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. Last Updated: 07/27/2016

Scant Progress Made Over Kuril Dispute

YUZHNO-SAKHALINSK, Sakhalin Island -- Japan and Russia made scant progress on resolving a decades-old dispute over the Kuril Islands at a leaders' summit on Wednesday.

"On the territories issue, we have agreed to speed up detailed work on a creative, out-of-the-box approach to resolving it within our generation," Japanese Prime Minister Taro Aso told reporters after meeting with President Dmitry Medvedev on Sakhalin Island.

Aso's day trip is the first to Sakhalin by a Japanese leader since it was seized by the Soviet Union, along with the chain of neighboring Kuril Islands, in the last days of World War II.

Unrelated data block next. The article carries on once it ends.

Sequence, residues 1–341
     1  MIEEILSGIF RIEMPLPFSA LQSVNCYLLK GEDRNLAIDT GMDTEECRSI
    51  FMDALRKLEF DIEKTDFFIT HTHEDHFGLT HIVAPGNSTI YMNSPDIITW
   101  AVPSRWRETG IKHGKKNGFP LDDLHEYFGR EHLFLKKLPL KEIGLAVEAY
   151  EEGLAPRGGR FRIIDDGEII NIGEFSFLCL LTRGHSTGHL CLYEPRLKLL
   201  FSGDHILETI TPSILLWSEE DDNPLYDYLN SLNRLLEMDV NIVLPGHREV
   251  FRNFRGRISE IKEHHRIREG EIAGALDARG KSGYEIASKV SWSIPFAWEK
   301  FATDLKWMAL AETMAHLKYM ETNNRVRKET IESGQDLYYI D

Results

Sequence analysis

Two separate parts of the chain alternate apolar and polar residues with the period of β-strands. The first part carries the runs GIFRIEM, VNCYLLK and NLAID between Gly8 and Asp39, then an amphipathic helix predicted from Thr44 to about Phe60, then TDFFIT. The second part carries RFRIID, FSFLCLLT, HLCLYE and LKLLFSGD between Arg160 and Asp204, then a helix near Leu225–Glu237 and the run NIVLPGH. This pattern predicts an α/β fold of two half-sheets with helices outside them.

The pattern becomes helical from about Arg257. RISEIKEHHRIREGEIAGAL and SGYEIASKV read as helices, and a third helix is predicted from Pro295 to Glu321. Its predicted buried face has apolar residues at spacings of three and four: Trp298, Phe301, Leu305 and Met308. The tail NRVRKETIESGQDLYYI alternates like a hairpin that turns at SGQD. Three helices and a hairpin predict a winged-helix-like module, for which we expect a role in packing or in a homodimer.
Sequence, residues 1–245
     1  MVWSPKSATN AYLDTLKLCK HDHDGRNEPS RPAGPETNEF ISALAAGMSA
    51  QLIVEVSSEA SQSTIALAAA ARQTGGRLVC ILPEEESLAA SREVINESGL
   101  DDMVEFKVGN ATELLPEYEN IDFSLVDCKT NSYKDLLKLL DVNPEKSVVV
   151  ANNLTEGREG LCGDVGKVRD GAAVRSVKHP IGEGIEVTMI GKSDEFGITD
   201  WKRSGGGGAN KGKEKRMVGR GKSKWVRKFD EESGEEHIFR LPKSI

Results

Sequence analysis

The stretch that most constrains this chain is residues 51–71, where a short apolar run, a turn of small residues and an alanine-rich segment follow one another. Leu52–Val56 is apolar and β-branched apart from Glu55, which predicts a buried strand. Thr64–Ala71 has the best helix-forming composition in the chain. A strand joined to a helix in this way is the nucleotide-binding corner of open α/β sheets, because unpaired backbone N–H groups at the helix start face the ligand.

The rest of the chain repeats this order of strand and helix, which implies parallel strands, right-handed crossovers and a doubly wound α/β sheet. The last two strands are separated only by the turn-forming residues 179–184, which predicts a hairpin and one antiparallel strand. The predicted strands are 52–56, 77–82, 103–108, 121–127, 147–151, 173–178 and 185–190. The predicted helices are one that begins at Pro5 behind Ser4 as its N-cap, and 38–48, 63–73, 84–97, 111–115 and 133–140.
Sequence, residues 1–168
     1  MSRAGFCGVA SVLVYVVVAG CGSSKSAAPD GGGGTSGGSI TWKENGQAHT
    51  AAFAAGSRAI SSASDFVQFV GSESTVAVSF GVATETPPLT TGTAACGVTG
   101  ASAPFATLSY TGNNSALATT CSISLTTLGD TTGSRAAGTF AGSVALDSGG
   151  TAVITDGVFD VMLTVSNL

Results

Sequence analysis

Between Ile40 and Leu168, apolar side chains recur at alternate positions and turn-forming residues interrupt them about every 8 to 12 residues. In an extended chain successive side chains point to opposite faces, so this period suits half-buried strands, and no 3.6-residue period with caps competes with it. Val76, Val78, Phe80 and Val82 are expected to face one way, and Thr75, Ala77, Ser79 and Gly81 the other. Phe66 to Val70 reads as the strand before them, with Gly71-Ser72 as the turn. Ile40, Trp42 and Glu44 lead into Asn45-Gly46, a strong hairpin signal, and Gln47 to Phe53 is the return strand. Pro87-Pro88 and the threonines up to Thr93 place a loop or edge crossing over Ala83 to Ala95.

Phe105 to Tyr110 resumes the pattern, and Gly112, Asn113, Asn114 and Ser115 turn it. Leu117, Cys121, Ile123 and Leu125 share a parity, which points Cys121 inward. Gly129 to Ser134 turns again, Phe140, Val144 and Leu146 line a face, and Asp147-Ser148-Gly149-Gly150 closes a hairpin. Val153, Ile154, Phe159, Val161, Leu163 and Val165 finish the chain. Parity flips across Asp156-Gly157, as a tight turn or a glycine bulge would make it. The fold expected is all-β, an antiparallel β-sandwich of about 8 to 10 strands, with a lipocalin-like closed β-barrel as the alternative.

Neither side accepts the other's claim of sovereignty over the sparsely populated islands, the closest of which is just 15 kilometers from Japan's northernmost island of Hokkaido.

Asked what new approach the two leaders had discussed at the meeting, Aso said only that the two sides would remain at an impasse if they stuck to past positions and that the issue needed a political decision rather than talks among bureaucrats.

The two sides agreed to keep up with exchanges between senior officials, including a visit by Prime Minister Vladimir Putin to Japan in May.